How much will AI/robotics/machine learning disrupt emerging and developing economies over the next decade? In our opinion, that is the single hardest question when it comes to emerging/frontier market investing just now. Very often, the discussion around technological disruption centers on what it means for Boston or Berlin. But what about Bangkok or Buenos Aires or Bamako?
The key issues: how many workers will need to retrain as technology makes their current jobs redundant, and do these economies have the bandwidth to make this happen? It is a very different calculus depending on whether we’re talking about developed or emerging economies:
- In the US, Western Europe and Japan, technology disrupts the existing labor force by replacing them with new capital. At the same time, these countries have older populations so there is some balance as retiring workers make way for younger (and generally more educated/tech savvy) ones.
- Emerging/developing economies may have it harder.
First, their traditional export-driven path to economic success will be more difficult if automation moves production/services back to developed economies. Think apparel manufacturing or AI-powered voice recognition customer service here.
Second, most of these countries have younger workforces and limited educational systems. Adapting to global tech-enabled disruption could be hard and mass youth unemployment is typically a recipe for political instability.
We found three useful research pieces on the topic if you want to explore it more deeply. Here they are, with some brief summaries:
#1. A widely cited McKinsey study from late 2017 correlates country-specific labor force disruption between now and 2030 with GDP levels (good news for emerging economies, sort of…). For most developed economies, they estimate that 20-25% of their workforces will be displaced by technological disruption.
Some prominent emerging countries still face challenges, however. McKinsey puts Chinese workforce disruption by 2030 at 15-16%, which sounds OK until you realize that is 120 million people. Or 75% of the US workforce, just to give you a comparison point. The numbers for India are 9%, or 47 million people. Retraining this many workers will be a key challenge for both countries and we’re only talking about a dozen years or fewer before these changes occur.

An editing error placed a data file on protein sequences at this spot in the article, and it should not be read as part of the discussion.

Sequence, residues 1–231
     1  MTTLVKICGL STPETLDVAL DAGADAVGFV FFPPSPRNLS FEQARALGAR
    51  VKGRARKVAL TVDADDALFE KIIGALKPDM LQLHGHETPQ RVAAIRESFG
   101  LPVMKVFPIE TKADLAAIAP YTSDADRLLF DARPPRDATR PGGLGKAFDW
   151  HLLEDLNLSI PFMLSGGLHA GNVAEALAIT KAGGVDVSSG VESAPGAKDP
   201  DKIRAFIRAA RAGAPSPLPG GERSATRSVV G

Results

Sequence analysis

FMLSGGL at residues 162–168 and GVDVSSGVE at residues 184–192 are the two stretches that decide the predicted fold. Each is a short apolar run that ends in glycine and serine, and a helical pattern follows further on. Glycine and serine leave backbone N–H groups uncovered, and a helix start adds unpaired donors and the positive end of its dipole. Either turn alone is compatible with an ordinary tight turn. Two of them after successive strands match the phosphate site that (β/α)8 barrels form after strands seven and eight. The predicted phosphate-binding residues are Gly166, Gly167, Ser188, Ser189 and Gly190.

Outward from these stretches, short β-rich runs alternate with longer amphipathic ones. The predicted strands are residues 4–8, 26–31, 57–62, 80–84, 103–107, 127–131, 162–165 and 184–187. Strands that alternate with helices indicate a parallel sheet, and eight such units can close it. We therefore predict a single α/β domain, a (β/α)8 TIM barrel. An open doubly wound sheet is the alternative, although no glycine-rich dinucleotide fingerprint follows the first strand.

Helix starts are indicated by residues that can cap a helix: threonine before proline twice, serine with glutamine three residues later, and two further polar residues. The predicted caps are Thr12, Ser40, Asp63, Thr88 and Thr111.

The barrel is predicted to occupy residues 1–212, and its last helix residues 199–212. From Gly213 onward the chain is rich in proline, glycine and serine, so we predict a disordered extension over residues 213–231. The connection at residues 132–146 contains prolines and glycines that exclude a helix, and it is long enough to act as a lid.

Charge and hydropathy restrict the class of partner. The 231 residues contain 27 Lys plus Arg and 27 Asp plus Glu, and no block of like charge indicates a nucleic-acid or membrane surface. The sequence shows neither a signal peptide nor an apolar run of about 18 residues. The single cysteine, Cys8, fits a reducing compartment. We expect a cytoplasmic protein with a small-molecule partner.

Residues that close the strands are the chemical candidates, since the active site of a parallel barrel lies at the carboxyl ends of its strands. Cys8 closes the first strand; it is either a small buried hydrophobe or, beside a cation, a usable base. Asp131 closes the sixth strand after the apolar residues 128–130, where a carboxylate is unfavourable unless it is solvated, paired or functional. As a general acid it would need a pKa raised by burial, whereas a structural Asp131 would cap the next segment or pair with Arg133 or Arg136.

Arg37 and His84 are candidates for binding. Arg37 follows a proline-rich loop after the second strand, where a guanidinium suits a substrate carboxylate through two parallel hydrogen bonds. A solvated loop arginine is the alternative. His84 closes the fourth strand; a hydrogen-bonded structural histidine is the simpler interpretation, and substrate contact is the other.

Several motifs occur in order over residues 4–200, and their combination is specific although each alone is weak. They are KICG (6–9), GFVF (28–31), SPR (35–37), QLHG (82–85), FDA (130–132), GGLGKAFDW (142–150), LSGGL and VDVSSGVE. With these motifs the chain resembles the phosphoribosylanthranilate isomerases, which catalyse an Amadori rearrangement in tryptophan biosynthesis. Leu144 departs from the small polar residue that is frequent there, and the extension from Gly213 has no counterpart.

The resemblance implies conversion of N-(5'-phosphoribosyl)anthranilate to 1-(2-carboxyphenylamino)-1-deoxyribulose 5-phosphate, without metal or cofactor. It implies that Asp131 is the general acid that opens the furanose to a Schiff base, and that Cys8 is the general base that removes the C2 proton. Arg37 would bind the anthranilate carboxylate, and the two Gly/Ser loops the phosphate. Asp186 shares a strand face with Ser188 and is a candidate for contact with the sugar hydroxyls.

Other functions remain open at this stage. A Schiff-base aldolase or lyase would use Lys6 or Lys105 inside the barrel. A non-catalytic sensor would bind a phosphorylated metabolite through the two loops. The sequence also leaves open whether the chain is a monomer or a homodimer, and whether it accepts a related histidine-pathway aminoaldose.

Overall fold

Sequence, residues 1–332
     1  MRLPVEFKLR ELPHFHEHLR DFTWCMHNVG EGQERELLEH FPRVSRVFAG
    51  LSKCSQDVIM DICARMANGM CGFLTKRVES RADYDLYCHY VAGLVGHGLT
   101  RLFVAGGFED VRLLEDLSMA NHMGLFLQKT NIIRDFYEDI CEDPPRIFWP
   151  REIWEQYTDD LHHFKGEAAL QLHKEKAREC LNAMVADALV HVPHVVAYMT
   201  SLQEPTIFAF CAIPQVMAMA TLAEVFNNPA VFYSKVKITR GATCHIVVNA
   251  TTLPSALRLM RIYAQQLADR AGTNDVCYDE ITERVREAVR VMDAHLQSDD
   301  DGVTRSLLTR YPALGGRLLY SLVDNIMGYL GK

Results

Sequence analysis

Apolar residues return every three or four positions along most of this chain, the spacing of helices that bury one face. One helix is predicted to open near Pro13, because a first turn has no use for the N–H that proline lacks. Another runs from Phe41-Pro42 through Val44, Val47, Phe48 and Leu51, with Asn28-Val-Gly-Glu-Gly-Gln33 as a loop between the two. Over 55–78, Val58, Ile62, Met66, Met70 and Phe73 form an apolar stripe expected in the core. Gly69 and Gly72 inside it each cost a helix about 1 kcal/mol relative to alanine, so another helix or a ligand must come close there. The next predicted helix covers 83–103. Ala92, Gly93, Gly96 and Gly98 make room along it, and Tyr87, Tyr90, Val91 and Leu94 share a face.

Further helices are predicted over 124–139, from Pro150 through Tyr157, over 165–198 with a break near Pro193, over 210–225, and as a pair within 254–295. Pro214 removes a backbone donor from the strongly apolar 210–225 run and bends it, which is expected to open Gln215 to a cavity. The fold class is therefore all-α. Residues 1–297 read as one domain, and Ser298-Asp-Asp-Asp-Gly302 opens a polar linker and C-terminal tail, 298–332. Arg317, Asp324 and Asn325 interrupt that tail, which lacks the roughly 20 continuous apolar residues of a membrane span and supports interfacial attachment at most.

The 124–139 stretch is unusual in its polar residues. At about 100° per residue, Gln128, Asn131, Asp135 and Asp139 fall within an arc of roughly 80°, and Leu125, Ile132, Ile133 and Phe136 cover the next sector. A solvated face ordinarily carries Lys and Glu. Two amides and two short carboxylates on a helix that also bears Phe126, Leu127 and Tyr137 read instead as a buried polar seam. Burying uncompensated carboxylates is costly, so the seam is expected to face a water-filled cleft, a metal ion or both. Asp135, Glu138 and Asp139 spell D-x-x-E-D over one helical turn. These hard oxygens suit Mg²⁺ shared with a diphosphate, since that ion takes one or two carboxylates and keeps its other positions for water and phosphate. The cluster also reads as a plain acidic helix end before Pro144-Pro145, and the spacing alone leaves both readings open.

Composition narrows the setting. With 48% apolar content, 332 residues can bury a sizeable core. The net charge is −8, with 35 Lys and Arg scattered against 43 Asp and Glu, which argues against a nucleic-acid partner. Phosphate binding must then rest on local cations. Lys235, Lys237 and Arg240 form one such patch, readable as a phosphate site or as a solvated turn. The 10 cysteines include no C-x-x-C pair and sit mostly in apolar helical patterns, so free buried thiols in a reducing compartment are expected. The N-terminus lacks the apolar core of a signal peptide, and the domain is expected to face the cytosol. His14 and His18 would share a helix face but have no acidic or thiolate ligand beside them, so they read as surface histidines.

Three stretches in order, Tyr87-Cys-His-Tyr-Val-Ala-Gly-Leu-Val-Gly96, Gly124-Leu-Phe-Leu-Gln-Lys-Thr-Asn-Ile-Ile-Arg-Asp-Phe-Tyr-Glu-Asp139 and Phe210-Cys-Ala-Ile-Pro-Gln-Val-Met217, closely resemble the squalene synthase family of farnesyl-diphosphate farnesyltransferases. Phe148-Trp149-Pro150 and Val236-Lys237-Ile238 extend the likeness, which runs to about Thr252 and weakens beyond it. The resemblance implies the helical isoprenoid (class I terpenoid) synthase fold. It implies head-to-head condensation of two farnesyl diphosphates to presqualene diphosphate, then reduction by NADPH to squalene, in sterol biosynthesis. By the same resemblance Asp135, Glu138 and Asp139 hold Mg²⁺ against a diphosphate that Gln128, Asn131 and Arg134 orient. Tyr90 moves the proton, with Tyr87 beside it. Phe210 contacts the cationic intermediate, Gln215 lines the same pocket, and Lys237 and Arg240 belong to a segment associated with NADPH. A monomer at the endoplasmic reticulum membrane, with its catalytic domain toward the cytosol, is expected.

#2. “Reshoring” – moving production back to developed economies – is one key underappreciated benefit for the US/Europe/Japan but could hit emerging economies especially hard. A UN Conference on Trade and Development paper highlighted this challenge by examining the number of industrial robots in China/Korea/Japan and Germany/North America and compared that to rest of world. The outsized leader here is China with double the capacity of North America. But outside China/Japan/North America/Europe, there are very few industrial robots at all.
UNCTAD’s policy recommendations for developing economies are direct: quickly improve education to embrace new technologies, invest in “massive data storage” to power the increased use of robots locally, and focus on small-scale manufacturing. None of which looks like the old model of developing economy growth, to say the least.
Source (click on link in the webpage to see the full report): http://unctad.org/en/pages/PublicationWebflyer.aspx?publicationid=1647
#3. A 2016 World Bank report called “Digital Dividends” is even more cautious on the role technology plays around the world. Developing economies have lower digital adoption rates for people, businesses and governments. Global productivity growth continues to decline. More than half the world remains unconnected to the Internet.
Unfortunately, their recommendations work better in developed economies than emerging ones. They call for more regulation (which requires a strong legal system), improved skills (good public schooling and universities) and accountable institutions.
Whole report here: http://www.worldbank.org/en/publication/wdr2016